kitchen-4They went straight through. It began slightly after opening. Tommy set himself up to call the orders and the orders came in rapid fire. Bill ran a full broiler almost the whole day. Henry Lee came up twice so Bill could go to the bathroom. Lillian came in two hours early and she relieved Tommy so he could take care of the front of the house.

At the busiest point Bill ran a full broiler, a full charcoal grill and a semi-full second broiler. Mr. Jim sliced the prime rib to order and put the sides and garnishes on all the plates. No matter how busy they were, Mr. Jim worked one speed, steady, and his steady speed matched the rate of the orders going out. He was never nonplussed, never raised his voice and never discourteous. He referred to Lillian as “love” or “darling” or just by her name. Tommy he would talk to, guide so to speak, telling him what Bill needed sometimes even before Bill himself knew. Lillian he would gently coax. “Need to go with some steaks, Darling,” he would say, or “Pick up what you can from the boy, Love. Gotta go.”

Lillian liked Mr. Jim. He calmed her. Her greatest fear was not getting all her orders on the grill and running so far behind they could never catch up. She didn’t care so much that they ran behind, but she was damned if running behind was gonna be her fault. Mr. Jim’s sweet-talk voice, smooth and beguiling, wheedled her into complying with the real needs from the other side of the counter. Every time she adhered to what Mr. Jim had cunningly demanded of her, Mr. Jim praised her and reminded her that due to her expertise, they were keeping on course.

To Bill, quietly, he spoke in confidence. “What’s the point in yelling or arguing? Lillian’s gonna do it as she does it, and you already know how she does it. Find a work around.” Even with a full grill, sometimes Bill stopped to look at Mr. Jim. “What’s your longest cooking steak?” Mr. Jim asked Bill. “Put one or two of those up front, getting ready to get ready. You know how to rotate everything. Think ahead. The busier you get, the more you got to think ahead.” Mr. Jim would laugh sometimes. “When it gets really crazy,” he said, “the sane head always wins out.”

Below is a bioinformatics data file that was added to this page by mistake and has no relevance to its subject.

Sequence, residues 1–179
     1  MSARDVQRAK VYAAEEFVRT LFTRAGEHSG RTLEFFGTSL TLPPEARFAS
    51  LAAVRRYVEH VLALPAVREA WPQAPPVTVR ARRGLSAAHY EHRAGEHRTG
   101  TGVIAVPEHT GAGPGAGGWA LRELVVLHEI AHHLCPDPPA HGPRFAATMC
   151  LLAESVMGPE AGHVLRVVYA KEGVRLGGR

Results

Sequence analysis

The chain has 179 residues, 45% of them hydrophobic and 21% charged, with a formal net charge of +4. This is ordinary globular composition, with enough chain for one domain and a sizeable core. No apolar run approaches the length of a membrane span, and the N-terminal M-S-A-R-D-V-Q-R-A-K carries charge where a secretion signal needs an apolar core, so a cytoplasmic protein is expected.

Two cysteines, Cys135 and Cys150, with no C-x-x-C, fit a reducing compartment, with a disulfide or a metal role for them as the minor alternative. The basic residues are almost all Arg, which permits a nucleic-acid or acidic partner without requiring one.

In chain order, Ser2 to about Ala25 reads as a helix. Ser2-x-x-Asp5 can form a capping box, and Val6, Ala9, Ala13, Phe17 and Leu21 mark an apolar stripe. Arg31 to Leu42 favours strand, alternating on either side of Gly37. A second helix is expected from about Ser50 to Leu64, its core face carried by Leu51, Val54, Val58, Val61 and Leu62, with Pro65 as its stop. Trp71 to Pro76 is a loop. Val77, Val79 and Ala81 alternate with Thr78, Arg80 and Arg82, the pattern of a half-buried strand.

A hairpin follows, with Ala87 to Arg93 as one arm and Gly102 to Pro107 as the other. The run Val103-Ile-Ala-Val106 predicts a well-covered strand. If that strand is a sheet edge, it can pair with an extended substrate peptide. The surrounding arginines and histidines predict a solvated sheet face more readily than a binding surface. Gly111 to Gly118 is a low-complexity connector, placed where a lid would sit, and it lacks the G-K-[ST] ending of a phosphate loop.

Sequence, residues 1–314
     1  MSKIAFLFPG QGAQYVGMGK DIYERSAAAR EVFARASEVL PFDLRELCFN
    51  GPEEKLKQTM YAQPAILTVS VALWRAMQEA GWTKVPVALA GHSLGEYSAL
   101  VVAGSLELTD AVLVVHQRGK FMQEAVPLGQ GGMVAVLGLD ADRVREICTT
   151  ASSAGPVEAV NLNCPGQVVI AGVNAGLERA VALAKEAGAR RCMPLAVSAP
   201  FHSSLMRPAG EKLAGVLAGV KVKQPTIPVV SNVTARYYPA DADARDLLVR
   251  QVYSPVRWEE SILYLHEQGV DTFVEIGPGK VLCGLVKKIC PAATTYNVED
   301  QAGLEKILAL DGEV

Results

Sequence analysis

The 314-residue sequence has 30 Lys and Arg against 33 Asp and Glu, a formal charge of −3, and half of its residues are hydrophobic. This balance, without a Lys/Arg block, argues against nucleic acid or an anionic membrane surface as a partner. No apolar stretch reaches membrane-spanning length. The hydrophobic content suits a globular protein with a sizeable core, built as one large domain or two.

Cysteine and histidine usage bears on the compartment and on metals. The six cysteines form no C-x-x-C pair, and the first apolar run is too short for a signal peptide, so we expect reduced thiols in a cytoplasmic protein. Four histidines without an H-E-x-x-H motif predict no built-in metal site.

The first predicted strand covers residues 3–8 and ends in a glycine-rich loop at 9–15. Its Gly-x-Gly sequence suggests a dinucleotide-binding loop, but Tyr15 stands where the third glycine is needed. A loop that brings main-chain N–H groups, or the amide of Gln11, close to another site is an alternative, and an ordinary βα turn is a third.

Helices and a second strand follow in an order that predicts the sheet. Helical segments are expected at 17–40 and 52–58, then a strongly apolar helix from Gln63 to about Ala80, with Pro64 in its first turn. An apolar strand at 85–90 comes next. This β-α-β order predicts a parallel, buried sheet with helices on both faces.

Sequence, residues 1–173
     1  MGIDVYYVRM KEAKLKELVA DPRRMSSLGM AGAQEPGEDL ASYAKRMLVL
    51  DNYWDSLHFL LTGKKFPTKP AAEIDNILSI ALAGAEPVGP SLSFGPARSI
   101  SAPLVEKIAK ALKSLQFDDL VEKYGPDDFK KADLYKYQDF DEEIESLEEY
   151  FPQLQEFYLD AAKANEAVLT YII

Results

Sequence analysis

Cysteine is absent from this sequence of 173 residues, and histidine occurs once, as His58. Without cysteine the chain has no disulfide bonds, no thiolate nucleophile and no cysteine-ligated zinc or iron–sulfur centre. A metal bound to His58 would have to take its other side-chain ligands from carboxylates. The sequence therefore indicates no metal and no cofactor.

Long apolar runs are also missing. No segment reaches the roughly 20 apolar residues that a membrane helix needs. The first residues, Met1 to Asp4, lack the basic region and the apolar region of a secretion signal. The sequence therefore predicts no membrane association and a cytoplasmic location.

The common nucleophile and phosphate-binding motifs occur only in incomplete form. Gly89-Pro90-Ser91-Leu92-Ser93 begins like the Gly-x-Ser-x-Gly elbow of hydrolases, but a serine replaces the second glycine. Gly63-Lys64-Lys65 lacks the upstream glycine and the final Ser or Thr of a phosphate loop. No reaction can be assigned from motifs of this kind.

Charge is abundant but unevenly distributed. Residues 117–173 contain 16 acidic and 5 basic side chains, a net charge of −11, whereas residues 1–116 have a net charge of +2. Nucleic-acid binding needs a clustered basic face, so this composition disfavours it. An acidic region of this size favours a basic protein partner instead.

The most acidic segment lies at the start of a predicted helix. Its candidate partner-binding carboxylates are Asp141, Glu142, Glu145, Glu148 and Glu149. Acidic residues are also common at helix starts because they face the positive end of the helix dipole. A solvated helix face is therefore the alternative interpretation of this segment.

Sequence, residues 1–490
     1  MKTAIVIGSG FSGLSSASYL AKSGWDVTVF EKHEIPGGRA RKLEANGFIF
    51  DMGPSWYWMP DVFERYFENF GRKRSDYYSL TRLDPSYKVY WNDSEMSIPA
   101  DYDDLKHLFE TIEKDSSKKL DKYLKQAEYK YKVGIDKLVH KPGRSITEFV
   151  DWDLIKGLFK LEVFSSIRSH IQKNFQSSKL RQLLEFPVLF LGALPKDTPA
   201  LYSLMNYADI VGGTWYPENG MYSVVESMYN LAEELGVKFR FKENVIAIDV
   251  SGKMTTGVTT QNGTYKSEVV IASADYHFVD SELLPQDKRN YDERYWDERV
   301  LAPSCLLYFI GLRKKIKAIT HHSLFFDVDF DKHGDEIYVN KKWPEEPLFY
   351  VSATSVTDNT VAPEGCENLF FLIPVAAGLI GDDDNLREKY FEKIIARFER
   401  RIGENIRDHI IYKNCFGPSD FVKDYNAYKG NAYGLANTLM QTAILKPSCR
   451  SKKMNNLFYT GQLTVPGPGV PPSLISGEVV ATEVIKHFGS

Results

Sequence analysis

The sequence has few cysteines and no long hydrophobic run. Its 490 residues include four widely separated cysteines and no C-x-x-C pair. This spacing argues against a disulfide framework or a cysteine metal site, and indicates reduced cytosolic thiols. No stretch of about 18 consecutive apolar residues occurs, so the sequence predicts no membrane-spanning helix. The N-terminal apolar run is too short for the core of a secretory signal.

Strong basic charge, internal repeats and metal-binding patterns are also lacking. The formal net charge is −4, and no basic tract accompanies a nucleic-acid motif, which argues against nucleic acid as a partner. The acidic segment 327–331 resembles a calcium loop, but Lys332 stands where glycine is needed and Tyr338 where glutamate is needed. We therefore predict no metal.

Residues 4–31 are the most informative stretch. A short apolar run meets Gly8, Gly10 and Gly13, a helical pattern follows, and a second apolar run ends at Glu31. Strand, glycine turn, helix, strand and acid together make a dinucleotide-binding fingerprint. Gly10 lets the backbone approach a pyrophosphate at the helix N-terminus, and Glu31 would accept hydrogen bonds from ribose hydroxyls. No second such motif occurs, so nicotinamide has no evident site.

Tommy came in mid-evening to relieve Lillian so she could go to the bathroom and catch a smoke. When he came in, Bill stepped off the line and lit a cigarette. Tommy had Norma, who was a runner this evening, take drink orders from the kitchen. Bill made sure the dishwashers were included in the order, and as he always did when they were so swamped the dishwashers were working non-stop, he sent over steaks for each of them. Drenovis called the dishwasher operation the asshole of the industry. Mr. Jim had taught Bill that life was miserable when your asshole wasn’t working right and reminded Bill that they were hardworking people and deserved to be treated as such.

Bea worked with Marie side by side for awhile so Marie could get up to speed. Marie completely replenished everything on the pantry station while Bea put out the orders. Seemed to Bea now that her and Bill this morning was so long ago, like in a whole other time and space. Mary was cooking fresh pots of vegetables and baking potatoes endlessly. She even set and started a second large pan of yellow rice. Yellow rice—they called it saffron but it wasn’t really—was one of the regular side choices. She and Bea were working overtime and wouldn’t go home until nine. Mr. Jim was working late too, not on any schedule. He had agreed to stick around until the orders started tapering off.

Coming at the end of May 2017:

The Ghost Writer, Rose’s Story: A Look At The Worlds We Hide